Prime Minister Narendra Modi yesterday said that India would provide 20 trillion rupees in fiscal and monetary measures to support an economy battered by weeks-long lockdown to fight the novel coronavirus.
India has more than 70,000 cases among its 1.3 billion population and is set to surpass China, the origin of the outbreak, within a week.
Modi said strict stay-at-home orders would be extended beyond May 17 with a new set of rules.
In March, the government said it was providing around 1.7 trillion Indian rupees in direct cash transfers and food security measures, mainly for the poor, but was widely accused of doing too little.
In an address to the nation, Modi said details of the new package, as well as reforms of land and labour markets, would be released within days:
“The package will also focus on land, labour, liquidity and laws. It will cater to various sections including cottage industry, medium and small enterprises, labourers, middle class, industries, among others.”
One the one hand while Modi is announcing reliefs targeted to the country’s poor and middle-class population, several Indian states are bending labour laws to benefit big businesses.
Workers in India are set to face longer days and lower pay in a “race to the bottom”, academics, activists and unions said, as six states plan to suspend labour laws to help industry recover from the coronavirus lockdown.
Despite a spike in COVID-19 cases this week, India is looking to ease its seven-week lockdown amid increasing pressure from business leaders and ordinary people who say the strict curbs have destroyed the livelihoods of millions of workers.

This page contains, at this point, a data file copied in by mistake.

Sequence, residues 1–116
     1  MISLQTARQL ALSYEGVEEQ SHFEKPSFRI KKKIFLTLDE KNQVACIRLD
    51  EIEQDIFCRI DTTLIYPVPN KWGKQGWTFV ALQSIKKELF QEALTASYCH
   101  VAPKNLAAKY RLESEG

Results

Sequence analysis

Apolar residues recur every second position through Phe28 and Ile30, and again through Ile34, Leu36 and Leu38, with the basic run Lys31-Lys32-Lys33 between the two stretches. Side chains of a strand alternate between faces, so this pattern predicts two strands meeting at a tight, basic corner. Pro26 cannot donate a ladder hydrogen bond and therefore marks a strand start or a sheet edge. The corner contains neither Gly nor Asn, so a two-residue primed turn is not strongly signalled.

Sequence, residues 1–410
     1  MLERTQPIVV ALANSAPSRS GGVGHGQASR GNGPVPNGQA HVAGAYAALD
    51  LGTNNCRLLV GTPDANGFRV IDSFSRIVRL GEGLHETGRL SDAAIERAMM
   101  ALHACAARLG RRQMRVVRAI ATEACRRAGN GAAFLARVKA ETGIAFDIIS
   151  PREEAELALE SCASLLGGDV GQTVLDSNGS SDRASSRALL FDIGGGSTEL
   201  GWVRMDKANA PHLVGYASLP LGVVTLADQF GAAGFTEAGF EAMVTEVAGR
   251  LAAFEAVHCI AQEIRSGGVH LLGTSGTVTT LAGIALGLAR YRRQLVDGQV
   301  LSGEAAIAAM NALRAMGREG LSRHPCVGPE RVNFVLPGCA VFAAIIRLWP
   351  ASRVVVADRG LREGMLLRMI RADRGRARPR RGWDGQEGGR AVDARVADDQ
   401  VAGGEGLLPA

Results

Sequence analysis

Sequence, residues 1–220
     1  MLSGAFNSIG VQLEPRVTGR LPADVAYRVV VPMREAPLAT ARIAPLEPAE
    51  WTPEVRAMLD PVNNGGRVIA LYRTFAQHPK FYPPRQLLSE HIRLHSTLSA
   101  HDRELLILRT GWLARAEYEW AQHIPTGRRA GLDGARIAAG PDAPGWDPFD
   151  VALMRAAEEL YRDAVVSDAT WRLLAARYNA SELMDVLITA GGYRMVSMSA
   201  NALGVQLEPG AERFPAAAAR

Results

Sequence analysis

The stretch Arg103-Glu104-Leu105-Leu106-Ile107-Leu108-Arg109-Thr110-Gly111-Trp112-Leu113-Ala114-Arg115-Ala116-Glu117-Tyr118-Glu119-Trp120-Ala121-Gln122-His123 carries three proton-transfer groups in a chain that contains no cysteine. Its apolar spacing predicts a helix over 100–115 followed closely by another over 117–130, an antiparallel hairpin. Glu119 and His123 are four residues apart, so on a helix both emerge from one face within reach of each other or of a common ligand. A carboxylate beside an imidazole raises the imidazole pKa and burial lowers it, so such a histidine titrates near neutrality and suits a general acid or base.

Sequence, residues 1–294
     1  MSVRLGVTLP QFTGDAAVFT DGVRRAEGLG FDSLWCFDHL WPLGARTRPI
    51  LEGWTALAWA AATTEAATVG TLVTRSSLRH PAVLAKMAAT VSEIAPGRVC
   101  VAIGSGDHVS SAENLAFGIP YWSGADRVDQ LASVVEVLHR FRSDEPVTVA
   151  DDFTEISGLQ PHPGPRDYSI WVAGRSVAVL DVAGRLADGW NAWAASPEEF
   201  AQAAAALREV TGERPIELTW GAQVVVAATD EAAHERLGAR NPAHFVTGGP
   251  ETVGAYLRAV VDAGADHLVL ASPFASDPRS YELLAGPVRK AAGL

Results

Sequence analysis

Labour specialists warn, however, that the decision of states to suspend federal and state labour laws enshrining workers’ rights would push even more people into the informal sector, drive down wages and erode working conditions.
Under the planned labour law suspensions announced so far, working shifts in the six states would be extended from eight hours to 12 hours for a three-month period.
They also want to suspend legislation guaranteeing minimum wages and the formation of worker unions for up to three years.
Social security benefits including welfare funds or provisions for the health and safety of women employees would also be cancelled in some states.
Officials in the six states say the measures will help local industries to bounce back and reverse losses incurred during the lockdown, and also lure new investment.
Trade union leaders said state governments had given businesses a green light to exploit workers.
“The new rules will create more conflicts and increase slavery,” said Lenin Raghuvanshi, convener of non-profit People’s Vigilance Committee on Human Rights.